The Glitch Mob pieces together the beat-driven ‘Love Death Immortality’ at the Fillmore


Don’t mess with, from left, Josh Mayer, Justin Boreta and Ed Ma, known collectively as The Glitch Mob. (Neil Krug)

It took two years for The Glitch Mob to record and mix its new album, “Love Death Immortality,” and just two weeks to take it all apart.

“We had to deconstruct our entire record,” says Glitch Mob member Justin Boreta.

Boreta and his two bandmates isolated every bleep and bloop, bass drop and keyboard riff from the album and then mapped them onto custom “instruments” for live performances (such as Saturday’s show at the Fillmore). For instance, a touchpad screen that’s tilted toward the audience might let Ed Ma (aka edIT) tap out a distorted guitar riff while bandmate Josh Mayer (aka Ooah) turns a knob to intensify a whirling helicopter noise. (When recording the album, Ma played an actual guitar.)

“We want to perform with the energy and drama of a live band even though we have no live instruments,” Boreta says.

While The Glitch Mob’s first album, 2010’s “Drink the Sea,” was meditative and introverted, “Love Death Immortality” aims to get crowds moving, Boreta says. That means lots of big bass drops, anthemic keyboard lines and danceable beats.

“We focused on those tempos that can move big crowds of people, and also see how we can use those electronic dance music tempos to tell a story,” Boreta says.

That story is abstract, as The Glitch Mob uses lyrics sparingly, but the soundscape suggests a bleak yet sexy dystopia along the lines of the 1982 film “Blade Runner.” In one song, “I Need My Memory Back,” gritty vocals by Aja Volkman (of Nico Vega) further enhance the effect.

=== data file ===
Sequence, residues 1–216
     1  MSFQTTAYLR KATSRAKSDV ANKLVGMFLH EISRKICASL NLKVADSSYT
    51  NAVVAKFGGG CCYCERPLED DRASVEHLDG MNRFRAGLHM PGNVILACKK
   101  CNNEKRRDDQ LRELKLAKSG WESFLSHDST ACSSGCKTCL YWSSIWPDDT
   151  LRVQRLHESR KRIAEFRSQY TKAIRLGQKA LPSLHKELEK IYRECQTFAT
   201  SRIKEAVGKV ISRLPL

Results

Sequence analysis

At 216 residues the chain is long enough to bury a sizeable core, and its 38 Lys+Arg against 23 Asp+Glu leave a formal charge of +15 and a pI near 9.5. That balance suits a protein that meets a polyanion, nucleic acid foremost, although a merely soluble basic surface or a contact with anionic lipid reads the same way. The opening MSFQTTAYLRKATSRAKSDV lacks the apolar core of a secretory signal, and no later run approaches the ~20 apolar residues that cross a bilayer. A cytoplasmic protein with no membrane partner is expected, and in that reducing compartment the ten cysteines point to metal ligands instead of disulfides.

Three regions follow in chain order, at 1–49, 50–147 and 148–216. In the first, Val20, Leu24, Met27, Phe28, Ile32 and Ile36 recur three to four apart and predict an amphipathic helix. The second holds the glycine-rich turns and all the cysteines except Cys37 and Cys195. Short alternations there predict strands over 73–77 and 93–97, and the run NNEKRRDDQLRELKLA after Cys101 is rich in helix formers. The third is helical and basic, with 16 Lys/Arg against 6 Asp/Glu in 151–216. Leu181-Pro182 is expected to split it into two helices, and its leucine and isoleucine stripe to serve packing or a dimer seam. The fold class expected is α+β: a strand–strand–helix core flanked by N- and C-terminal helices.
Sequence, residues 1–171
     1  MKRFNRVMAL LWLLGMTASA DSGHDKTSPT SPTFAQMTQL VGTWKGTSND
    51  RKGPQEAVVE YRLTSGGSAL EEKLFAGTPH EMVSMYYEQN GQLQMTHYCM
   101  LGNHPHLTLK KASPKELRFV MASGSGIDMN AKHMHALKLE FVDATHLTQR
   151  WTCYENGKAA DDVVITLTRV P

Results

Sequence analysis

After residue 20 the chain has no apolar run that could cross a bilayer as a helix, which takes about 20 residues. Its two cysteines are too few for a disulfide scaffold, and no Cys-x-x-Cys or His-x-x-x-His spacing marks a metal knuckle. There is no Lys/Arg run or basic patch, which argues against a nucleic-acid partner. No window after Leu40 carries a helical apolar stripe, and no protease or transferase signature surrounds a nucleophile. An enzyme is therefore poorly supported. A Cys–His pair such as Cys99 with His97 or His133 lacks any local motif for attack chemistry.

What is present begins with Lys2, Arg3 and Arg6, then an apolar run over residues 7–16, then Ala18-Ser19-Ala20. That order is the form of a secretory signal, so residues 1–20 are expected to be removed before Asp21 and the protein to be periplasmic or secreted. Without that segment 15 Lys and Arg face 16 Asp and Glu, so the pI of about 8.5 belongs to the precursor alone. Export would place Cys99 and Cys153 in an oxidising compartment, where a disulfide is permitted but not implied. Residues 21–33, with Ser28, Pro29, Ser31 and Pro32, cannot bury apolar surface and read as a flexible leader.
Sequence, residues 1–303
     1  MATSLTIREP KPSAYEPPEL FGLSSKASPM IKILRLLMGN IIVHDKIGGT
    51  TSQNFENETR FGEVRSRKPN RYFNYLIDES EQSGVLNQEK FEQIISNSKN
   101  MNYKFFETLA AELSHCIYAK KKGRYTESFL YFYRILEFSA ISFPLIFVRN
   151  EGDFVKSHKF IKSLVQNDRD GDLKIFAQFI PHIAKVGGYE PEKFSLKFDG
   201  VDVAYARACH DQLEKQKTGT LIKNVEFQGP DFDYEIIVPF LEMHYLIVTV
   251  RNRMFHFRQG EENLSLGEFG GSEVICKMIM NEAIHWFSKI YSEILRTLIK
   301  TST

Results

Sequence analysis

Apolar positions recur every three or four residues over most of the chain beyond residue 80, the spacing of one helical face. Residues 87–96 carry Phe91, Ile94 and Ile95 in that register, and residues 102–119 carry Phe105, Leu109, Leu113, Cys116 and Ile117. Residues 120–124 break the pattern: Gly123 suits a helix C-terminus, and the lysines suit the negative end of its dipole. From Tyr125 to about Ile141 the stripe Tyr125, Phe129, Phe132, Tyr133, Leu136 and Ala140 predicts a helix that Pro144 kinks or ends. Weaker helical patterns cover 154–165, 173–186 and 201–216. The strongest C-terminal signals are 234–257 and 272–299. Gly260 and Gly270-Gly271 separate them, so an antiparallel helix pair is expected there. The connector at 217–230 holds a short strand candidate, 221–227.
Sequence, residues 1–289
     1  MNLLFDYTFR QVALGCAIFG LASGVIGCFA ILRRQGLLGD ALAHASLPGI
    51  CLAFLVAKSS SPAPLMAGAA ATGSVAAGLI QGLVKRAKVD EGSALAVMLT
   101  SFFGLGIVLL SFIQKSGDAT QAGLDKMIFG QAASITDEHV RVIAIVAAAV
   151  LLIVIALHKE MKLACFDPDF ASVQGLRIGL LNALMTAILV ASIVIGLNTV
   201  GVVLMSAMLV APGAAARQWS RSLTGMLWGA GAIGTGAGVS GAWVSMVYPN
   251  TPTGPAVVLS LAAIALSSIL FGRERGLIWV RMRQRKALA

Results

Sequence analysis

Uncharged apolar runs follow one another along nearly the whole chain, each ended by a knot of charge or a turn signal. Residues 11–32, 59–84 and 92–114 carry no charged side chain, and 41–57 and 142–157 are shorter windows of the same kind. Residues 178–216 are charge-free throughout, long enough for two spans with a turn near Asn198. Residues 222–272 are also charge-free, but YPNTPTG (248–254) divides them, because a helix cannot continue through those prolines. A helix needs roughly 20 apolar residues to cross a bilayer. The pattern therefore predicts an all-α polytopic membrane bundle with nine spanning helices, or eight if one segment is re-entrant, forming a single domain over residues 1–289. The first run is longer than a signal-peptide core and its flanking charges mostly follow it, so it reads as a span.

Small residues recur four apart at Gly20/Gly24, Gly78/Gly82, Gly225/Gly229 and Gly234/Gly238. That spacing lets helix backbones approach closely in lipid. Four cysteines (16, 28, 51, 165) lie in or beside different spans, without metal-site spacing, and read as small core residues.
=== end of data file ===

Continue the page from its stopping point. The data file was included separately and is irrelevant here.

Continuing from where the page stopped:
“We started out singing that part ourselves, with a vocoder,” Mayer says, “but ended up taking it out because Aja really encapsulated the vibe of the song better than our vocoder vocals did.”

Volkman couldn’t make this tour, but the band does have another ersatz band member on the road with it called “the blade.” The Glitch Mob is cagey on the details.

“It’s basically a physical representation of the music,” Boreta says. “It’s a thing that lives and breathes.”

Mayer clarifies: “You know how Deadmau5 has a cube and Daft Punk has a pyramid? Well, Glitch Mob has a blade.”

DIY to the Extreme

The Glitch Mob’s members record, engineer and mix their own songs; release them on their own label (Glass Air Records); and, until recently, acted as their own roadies. That’s why, member Josh Mayer says, it took two years to create the album “Love Death Immortality.” “It’s just the three of us, and we are all detail-oriented, so it takes a while,” Mayer says.

Fillmore, 8656 Colesville Road, Silver Spring; Sat., 8 p.m., $20; 301-960-9999. (Silver Spring)

Sadie Dingfelder is a features writer for the Washington Post Express.
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